Snowshoeing across deep snow

Snowshoeing across deep snow

Reading time:
3 MIN

Whether in the red desert sands of Mali or the metre-high snows of the Arctic, the mountain infantry must be mobile at all times. They are robust, motivated, and respect nature’s power. Some items of equipment are needed nevertheless.

Six soldiers in snow camouflage move in column using snowshoes – small, oblong platforms strapped to their feet.

During the exercise, mountain infantry troops learn how to move across snow.

Bundeswehr/Maximilian Schulz

It has snowed overnight in the forests of Norway. The soft powder snow makes it very difficult to move without great effort. When soldiers of the mountain infantry need to make their way through the snow, they use special equipment such as snowshoes. The snowshoes the mountain infantry uses are practically the Swiss Army knife of footwear. They distribute a soldier’s weight over a larger contact area than boots. That way, mountain infantry troops can cross layers of snow into which they would otherwise sink up to the waist. Cleats on the underside of the snowshoes prevent the women and men from slipping on icy surfaces. The front end is fitted with a climbing aid that flips up when the soldiers walk and digs into the surface. That makes walking uphill easier. For the mountain infantry, using snowshoes saves a great deal of energy and strength.

A ski with skin

The soldiers of the alpine platoon regularly train how to move on skis.

The soldiers of the alpine platoon regularly train how to move on skis.

Bundeswehr/Maximilian Schulz

Another way to move across snow is to use skis and ski poles. The mountain infantry have their own sets of ski equipment. The advantage of skis is similar to that of snowshoes in that they provide a larger contact area between the ski and the snow. Additionally, during long descents, soldiers carrying their march loads and weapons are able to move more quickly and easily on skis. To go downhill, the climbing skins are removed from the underside of the skis. The skins prevent the skis from sliding backward on a surface and, much like snowshoes, provide a secure grip. When soldiers need to save their strength, they can let themselves be towed by a rope attached to a vehicle. This method is called skijoring.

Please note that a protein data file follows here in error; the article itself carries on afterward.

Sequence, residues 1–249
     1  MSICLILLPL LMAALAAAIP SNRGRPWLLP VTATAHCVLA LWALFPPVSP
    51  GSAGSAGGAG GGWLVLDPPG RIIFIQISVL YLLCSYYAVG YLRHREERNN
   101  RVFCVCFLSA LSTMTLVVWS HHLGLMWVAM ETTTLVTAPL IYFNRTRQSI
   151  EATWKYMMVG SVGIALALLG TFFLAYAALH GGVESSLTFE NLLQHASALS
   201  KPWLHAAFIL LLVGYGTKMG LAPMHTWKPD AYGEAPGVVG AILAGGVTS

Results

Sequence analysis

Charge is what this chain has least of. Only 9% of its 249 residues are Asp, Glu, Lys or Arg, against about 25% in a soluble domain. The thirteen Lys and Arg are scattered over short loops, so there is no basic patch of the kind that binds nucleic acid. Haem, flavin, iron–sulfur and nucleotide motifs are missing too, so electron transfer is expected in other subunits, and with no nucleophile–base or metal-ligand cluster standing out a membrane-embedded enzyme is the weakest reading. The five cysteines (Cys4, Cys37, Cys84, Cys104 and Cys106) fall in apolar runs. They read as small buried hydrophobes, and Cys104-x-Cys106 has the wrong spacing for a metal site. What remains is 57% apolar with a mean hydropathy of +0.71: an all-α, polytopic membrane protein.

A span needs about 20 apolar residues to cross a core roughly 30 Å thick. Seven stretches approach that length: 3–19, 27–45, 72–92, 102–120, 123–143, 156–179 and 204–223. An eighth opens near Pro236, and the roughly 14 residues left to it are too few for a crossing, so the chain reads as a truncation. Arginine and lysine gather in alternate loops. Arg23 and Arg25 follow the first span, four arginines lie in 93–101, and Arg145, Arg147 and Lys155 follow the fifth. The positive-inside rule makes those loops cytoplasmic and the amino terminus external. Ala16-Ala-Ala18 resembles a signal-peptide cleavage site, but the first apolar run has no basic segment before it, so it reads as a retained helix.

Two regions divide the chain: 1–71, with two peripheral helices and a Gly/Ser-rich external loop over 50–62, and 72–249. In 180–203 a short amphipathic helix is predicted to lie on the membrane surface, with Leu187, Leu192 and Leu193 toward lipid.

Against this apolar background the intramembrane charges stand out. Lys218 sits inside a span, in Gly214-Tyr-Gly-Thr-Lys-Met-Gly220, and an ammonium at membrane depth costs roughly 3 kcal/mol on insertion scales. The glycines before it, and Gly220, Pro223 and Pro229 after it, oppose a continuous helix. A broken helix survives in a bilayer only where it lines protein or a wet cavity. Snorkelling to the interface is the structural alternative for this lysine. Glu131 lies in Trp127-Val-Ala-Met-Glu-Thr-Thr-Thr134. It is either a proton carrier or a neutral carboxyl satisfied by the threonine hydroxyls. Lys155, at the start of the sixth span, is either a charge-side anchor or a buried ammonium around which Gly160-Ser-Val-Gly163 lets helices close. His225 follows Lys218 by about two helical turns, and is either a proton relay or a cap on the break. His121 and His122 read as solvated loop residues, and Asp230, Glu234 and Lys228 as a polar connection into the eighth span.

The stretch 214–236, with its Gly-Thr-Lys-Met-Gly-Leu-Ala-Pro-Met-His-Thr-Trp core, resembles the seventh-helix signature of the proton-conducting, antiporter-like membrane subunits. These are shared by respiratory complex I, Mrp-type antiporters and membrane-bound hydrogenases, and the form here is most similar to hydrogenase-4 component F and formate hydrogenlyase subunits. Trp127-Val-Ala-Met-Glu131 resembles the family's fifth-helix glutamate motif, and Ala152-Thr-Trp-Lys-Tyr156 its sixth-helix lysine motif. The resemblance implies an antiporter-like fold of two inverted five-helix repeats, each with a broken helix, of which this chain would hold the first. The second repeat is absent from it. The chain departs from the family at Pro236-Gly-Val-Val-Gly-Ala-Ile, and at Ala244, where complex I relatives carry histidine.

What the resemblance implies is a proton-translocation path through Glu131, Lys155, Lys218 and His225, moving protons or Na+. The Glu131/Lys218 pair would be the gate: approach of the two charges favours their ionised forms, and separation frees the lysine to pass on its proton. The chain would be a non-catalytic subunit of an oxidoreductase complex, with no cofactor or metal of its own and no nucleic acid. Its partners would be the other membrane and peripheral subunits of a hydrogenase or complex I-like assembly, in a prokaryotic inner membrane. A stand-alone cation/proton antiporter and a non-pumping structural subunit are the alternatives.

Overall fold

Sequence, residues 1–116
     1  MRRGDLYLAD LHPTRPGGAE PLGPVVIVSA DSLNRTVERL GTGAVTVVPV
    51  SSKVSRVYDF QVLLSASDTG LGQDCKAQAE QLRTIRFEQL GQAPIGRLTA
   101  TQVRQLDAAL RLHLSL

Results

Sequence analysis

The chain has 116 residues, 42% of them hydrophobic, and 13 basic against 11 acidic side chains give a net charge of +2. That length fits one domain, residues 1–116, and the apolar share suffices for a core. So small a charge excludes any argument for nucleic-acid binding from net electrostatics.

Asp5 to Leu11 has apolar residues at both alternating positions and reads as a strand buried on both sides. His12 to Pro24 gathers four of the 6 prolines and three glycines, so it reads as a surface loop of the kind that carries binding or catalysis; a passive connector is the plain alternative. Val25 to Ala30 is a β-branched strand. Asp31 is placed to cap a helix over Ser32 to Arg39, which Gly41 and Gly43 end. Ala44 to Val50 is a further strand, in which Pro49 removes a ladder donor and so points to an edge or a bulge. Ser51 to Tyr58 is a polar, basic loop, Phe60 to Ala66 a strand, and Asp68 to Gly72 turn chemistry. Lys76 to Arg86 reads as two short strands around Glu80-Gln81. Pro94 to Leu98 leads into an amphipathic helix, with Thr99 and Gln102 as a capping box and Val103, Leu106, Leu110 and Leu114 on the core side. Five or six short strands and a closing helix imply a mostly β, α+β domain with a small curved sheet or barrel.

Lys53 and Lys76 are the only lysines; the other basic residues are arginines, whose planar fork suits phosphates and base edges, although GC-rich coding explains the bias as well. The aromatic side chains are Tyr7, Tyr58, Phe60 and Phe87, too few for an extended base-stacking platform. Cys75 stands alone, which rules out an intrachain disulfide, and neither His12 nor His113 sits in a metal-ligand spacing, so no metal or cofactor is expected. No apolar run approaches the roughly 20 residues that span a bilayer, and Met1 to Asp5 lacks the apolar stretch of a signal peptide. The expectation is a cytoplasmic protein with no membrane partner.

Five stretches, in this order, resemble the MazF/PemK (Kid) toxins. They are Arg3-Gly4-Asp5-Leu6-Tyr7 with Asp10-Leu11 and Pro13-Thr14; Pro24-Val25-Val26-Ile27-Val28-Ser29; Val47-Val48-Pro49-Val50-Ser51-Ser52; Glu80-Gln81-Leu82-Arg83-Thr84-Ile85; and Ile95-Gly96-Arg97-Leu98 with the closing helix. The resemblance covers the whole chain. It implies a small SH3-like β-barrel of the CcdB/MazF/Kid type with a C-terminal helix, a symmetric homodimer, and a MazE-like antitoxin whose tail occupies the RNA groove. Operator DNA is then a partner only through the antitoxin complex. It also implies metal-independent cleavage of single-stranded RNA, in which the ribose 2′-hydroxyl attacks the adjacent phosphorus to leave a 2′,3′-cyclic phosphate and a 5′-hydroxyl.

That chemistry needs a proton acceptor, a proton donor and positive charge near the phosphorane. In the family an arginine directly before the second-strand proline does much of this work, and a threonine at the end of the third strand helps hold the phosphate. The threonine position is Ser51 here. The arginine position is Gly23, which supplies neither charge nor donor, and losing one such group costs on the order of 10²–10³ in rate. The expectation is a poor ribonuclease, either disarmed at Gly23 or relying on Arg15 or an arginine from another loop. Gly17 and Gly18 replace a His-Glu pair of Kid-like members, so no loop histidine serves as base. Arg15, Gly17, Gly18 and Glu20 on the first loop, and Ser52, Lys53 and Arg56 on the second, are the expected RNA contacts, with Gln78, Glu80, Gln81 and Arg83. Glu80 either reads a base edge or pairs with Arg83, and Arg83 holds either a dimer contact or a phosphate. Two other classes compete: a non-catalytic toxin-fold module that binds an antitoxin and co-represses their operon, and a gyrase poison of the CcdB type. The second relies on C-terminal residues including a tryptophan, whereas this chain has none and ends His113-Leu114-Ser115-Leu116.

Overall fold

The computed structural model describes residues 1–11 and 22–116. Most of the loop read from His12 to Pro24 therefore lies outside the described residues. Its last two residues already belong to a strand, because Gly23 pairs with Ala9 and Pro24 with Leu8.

Ski poles as a rifle rest

Three soldiers in snow camouflage move through snowy terrain in single file with their skis, poles and rifles.

The soldiers quickly become accustomed to moving on skis.

Bundeswehr/Maximilian Schulz

The poles provide stability and grip. By pushing the poles into the snow and moving themselves forward, skiers can speed up. The ski poles can also serve as a rifle rest. When soldiers aim their rifles, that is called assuming a firing position. Using the poles as rifle rests, several different firing positions can be chosen. In the deep snows of Norway, accordingly, mountain infantry troops also practice a combination of movement and using different firing positions. 

The Swedish workhorse

A Hägglunds oversnow vehicle is parked next to a heavy truck on snowy ground.

The Hägglunds oversnow vehicle has wide rubber tracks to prevent it from sinking into the snow.

Bundeswehr/Maximilian Schulz

The soldiers need heavy-duty vehicles to transport their gear. For many years now, they have thus relied on the tried-and-true Swedish Hägglunds tracked articulated vehicle. Its wide rubber tracks can be depended upon to transport the heavy vehicle along with soldiers and their gear through the snow. A Hägglunds vehicle is made up of a front and a rear unit. Thanks to its quiet engine, soldiers can use the Hägglunds to move through terrain undetected. Ultimately, the same principles that also hold true for every other soldier in the field apply: move inconspicuously and avoid leaving tracks. That way, enemy tracks are more easily noticeable, while the soldiers themselves are not discovered by the enemy.

by Peter Müller